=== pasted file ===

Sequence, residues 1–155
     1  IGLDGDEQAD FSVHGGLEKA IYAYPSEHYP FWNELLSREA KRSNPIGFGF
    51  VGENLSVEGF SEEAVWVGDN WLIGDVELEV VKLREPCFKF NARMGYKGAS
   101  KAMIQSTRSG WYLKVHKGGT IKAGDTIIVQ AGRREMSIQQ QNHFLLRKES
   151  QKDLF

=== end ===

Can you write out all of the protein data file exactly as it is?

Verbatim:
Sequence, residues 1–155
     1  IGLDGDEQAD FSVHGGLEKA IYAYPSEHYP FWNELLSREA KRSNPIGFGF
    51  VGENLSVEGF SEEAVWVGDN WLIGDVELEV VKLREPCFKF NARMGYKGAS
   101  KAMIQSTRSG WYLKVHKGGT IKAGDTIIVQ AGRREMSIQQ QNHFLLRKES
   151  QKDLF